Aktuelle Veranstaltungen
11. 06. 2024

Johannes Gleixner: New Currency or Bad Money? Popular Reactions to the Introduction of a New Czechoslovak Currency after the First World War


Am 11. Juni, 17.00 Uhr beschließt Johannes Gleixner mit einem Vortrag über die Währungsreform nach dem Ersten Weltkrieg in der Tschechoslowakischen Republik das Sommersemester der Prager Vorträge.

Ort: Prager Außenstelle des Collegium Carolinum (Valentinská 91/1, Praha, 3. Stock)

Der Vortrag wird auch via Zoom übertragen.


Collegium Carolinum,
the German Historical Institute Warsaw,
and the Leibniz-Institute for History and Culture in Eastern Europe
in collaboration with the Ústav hospodářských a sociálních dějin FF UK
cordially invite you to the lecture


New Currency or Bad Money? Popular Reactions to the Introduction of a New Czechoslovak Currency after the First World War


Tuesday, June 11 2024, 5 p.m.
Valentinská 91/1, 3rd Floor

The lecture will be streamed via Zoom as well, please contact


The currency reform of 1919, usually attributed to Alois Rašín, is regarded as a stunning success by the young state of Czechoslovakia, enabling it to escape the turmoil of inflation in Central and Eastern Europe. However, two circumstances deserve closer examination: firstly, a transitional phase began immediately after the introduction of the new currency, during which the old (Austro-Hungarian) banknotes were no longer fully valid, but were not invalid either. Moreover, the validity of a new currency depends not only on its emission as such, but on its acceptance by the public.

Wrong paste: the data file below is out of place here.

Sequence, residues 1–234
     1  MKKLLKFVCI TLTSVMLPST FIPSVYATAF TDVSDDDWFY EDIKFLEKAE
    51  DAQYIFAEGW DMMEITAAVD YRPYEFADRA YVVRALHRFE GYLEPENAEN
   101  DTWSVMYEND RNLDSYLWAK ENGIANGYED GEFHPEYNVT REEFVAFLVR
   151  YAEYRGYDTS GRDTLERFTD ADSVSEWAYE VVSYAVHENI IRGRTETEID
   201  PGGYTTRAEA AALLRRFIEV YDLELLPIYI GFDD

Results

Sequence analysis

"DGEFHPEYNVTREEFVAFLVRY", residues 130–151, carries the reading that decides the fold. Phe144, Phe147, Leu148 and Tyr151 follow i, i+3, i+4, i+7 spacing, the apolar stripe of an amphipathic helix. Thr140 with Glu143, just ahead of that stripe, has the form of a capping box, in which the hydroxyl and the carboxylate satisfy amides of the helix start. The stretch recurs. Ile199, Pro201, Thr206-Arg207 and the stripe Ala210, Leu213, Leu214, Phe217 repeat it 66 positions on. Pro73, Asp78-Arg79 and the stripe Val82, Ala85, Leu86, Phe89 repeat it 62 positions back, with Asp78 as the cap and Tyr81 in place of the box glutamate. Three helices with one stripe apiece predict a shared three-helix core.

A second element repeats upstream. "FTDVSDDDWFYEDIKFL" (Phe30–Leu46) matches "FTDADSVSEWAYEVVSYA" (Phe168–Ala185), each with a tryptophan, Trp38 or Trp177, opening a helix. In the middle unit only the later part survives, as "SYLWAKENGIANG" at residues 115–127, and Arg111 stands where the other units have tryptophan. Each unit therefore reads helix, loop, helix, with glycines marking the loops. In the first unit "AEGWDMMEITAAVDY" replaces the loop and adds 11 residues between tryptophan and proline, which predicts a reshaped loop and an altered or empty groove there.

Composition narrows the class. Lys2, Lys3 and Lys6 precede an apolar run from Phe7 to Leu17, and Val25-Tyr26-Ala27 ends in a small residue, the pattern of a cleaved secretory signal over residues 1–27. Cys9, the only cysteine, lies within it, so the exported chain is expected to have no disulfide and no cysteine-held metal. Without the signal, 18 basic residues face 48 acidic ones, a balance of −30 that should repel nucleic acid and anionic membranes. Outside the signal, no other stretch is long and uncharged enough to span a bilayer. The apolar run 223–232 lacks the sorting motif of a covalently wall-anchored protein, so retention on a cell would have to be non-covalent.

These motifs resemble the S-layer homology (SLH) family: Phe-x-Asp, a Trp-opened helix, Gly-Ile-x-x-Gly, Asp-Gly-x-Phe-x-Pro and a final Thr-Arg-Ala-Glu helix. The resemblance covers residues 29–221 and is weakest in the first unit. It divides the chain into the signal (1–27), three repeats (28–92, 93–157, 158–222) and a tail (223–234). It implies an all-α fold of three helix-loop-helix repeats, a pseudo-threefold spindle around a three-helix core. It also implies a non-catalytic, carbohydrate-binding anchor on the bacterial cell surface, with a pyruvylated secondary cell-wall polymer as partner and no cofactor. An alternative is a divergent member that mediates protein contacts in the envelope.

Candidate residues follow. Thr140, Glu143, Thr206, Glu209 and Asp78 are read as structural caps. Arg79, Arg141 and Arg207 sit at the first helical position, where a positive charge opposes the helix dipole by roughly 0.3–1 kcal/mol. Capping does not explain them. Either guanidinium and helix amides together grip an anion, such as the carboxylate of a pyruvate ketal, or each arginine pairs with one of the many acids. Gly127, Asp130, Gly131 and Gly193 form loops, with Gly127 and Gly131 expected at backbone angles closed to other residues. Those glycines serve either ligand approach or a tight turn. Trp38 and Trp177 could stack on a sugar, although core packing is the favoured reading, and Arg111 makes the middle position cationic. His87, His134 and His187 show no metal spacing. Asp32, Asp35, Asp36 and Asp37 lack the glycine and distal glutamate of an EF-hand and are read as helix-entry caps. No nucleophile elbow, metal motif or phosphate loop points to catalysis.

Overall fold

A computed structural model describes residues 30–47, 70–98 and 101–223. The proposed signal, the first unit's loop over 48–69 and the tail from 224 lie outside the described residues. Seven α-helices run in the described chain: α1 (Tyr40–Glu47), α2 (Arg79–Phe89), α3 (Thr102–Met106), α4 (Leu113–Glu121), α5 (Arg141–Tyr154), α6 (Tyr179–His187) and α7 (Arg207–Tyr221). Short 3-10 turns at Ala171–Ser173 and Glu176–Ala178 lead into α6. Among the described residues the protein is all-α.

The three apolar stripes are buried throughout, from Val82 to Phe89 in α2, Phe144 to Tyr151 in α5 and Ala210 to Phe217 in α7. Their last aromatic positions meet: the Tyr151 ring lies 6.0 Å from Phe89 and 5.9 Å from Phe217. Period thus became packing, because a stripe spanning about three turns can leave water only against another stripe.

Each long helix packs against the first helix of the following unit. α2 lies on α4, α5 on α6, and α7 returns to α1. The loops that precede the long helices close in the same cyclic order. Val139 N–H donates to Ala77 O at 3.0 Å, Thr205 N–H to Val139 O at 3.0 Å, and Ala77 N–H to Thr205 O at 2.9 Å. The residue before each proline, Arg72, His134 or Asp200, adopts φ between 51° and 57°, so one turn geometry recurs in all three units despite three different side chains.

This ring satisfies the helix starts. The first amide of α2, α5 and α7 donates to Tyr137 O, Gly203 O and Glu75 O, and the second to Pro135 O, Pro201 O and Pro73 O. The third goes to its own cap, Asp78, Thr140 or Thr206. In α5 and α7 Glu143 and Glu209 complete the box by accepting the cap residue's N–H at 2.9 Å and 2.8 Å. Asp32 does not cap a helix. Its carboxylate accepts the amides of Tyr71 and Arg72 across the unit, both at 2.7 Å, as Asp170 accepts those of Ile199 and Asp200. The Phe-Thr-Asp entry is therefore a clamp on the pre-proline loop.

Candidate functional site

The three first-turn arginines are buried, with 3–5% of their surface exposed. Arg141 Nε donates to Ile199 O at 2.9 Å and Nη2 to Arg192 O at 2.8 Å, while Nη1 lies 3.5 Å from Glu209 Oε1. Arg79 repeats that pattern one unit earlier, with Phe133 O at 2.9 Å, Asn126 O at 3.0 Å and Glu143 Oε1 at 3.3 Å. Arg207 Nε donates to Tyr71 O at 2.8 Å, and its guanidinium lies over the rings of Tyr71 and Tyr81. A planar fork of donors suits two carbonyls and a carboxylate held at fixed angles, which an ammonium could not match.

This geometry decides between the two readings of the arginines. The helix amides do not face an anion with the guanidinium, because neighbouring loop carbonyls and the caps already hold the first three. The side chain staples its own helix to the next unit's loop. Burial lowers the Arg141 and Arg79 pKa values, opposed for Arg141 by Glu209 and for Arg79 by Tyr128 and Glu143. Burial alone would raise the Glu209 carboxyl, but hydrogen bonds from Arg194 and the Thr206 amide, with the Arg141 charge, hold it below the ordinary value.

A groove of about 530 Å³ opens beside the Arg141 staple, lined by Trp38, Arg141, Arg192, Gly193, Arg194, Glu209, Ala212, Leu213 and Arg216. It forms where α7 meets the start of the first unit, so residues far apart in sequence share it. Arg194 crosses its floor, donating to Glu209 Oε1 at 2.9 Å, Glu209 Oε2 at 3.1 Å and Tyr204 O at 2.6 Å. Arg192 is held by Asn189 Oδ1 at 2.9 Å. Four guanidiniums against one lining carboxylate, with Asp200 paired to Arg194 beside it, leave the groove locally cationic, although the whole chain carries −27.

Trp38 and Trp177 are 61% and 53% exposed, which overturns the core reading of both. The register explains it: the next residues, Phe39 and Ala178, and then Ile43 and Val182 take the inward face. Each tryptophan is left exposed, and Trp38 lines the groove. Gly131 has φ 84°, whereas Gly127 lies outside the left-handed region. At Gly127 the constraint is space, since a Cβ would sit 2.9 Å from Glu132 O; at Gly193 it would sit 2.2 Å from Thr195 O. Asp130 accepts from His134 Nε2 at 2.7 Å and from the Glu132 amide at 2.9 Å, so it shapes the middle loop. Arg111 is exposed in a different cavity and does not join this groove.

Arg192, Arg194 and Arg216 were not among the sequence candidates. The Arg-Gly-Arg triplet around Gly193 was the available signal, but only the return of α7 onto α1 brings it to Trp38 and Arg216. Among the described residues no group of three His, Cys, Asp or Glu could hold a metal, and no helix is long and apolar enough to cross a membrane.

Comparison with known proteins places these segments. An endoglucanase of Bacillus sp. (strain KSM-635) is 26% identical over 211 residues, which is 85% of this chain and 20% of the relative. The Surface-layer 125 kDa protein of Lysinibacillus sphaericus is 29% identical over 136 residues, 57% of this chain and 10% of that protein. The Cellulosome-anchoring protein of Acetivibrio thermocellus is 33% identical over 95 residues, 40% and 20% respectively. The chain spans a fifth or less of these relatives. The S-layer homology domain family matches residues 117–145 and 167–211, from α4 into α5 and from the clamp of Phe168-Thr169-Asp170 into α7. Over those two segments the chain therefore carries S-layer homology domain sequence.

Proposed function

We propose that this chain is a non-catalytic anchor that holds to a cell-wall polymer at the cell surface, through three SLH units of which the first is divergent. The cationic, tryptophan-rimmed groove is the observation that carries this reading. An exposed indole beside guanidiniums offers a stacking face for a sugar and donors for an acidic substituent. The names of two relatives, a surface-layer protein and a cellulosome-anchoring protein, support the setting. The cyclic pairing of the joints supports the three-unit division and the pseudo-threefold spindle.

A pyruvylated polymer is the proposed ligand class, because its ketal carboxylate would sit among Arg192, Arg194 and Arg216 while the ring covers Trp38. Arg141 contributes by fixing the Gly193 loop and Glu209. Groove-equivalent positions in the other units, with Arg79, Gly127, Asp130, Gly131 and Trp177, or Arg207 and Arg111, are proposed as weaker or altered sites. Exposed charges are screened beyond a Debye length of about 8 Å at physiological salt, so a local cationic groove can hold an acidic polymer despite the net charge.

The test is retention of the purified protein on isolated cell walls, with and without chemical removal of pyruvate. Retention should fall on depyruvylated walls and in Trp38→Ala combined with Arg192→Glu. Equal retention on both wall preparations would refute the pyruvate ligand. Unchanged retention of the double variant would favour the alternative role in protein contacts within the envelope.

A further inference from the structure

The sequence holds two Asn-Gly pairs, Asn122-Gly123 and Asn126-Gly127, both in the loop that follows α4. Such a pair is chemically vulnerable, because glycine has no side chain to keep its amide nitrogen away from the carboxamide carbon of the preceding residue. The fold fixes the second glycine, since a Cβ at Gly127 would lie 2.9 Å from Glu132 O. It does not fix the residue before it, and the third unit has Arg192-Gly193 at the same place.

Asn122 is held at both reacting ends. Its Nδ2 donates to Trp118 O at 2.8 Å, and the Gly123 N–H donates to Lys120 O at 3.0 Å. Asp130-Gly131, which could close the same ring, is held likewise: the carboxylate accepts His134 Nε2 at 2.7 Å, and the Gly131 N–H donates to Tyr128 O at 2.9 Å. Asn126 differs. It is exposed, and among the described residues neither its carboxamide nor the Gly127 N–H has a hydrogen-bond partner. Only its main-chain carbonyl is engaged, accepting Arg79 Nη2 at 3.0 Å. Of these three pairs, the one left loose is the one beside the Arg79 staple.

In the Czechoslovak case, the general populace dealt with the ambiguity of transition in its way. In particular, the question of which banknotes (and cash reserves) were still valid or legal sparked conflicts and negotiations that tell us a lot about the difference between money as an economic quantity and money as part of cultural practice.


Johannes Gleixner is a researcher at Collegium Carolinum – Research Institute for the History of the Czech Lands and Slovakia. He is interested in the history of non-religion and secularist movements in East and East Central Europe during the late 19th and early 20th century, focusing amongst others on socialist and communist freethought in Czechoslovakia and Soviet Russia. Other interests include the monetary history of Central Europe in the 20th century as well as Historical Network Analysis of letter correspondence.